Catholics and “the Energy Problem” | William L. Patenaude | Catholic World Report
The moral implications of the world’s energy problem make the Church’s engagement on the subject indispensable.
When a coalition of United States scientists issued the most recent draft of its National Climate Assessment, it captured the attention of environmental regulators like me. Two weeks later, the United States Environmental Protection Agency briefed hundreds of researchers and policy-makers about findings from more than two dozen climate indicators.
Both the National Climate Assessment and EPA’s indicators provide more than 1,000 pages of science and significant online resources that show trends (mostly negative, but some positive) that align with anthropogenic climate-change models—trends in increasing temperatures; drought in some places while, in others, wetter, stronger, and more frequent storms; changes in agricultural yields; sea-level rise, and other disruptions to the status quo.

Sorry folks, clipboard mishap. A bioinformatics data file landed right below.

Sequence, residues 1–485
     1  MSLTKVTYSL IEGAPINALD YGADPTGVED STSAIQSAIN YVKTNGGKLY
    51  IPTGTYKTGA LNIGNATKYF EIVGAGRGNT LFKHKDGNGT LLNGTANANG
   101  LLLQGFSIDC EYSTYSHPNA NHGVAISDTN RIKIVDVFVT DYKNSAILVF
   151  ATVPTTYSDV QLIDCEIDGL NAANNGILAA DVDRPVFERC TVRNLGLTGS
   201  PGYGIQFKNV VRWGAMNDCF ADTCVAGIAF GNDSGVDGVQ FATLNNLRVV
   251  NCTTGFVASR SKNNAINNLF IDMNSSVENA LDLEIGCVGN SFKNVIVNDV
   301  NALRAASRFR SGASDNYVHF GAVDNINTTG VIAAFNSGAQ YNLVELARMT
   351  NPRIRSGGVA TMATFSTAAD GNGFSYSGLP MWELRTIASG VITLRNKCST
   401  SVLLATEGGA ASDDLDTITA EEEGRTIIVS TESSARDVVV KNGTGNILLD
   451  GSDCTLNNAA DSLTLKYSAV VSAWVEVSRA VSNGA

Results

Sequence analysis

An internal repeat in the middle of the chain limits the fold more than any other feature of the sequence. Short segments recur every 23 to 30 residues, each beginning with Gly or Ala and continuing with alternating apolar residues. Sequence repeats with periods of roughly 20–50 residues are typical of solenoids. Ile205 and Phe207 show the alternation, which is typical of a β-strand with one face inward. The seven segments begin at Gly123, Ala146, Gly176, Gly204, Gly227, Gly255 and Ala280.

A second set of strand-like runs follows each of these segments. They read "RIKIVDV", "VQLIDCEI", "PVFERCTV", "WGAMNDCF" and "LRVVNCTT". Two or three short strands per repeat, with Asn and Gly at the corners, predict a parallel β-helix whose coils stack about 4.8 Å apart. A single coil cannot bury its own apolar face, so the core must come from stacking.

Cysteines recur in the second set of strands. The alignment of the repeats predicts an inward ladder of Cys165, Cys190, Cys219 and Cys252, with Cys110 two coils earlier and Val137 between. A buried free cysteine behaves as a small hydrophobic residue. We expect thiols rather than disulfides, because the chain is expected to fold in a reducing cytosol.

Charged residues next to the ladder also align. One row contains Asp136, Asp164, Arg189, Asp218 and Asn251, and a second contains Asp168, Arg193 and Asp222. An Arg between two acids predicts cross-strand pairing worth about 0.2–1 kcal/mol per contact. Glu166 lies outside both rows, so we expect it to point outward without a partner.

My professional concerns relate to the impact of storms and rising sea levels on water-pollution control infrastructure. As a Catholic, however, these concerns are illuminated by my faith. This influences my reaction to mounting evidence and professional observations of the impacts of a changing world—and this makes me wonder what we as believers can do about it.
Certainly, the topic of human-induced climate change brings debate. This is especially true among my Catholic brothers and sisters who view the topic as a Trojan horse that hides radical left-wing agendas (which it sometimes can). But given pontifical statements on the importance of ecology and the seriousness with which organs in the Church—like the Pontifical Academy of Sciences—consider the subject, there is a growing responsibility for the faithful to look closely at what science is showing, as well as to consider the moral implications of what’s happening, who it’s happening to, and the causes thereof.
When governments and environmental advocates consider climate change, they do so in one of two ways: adaptation (which means learning how to live with whatever happens) and mitigation (which seeks to reduce the causes of what’s changing). While these categories are ultimately linked, in practice they are quite separate.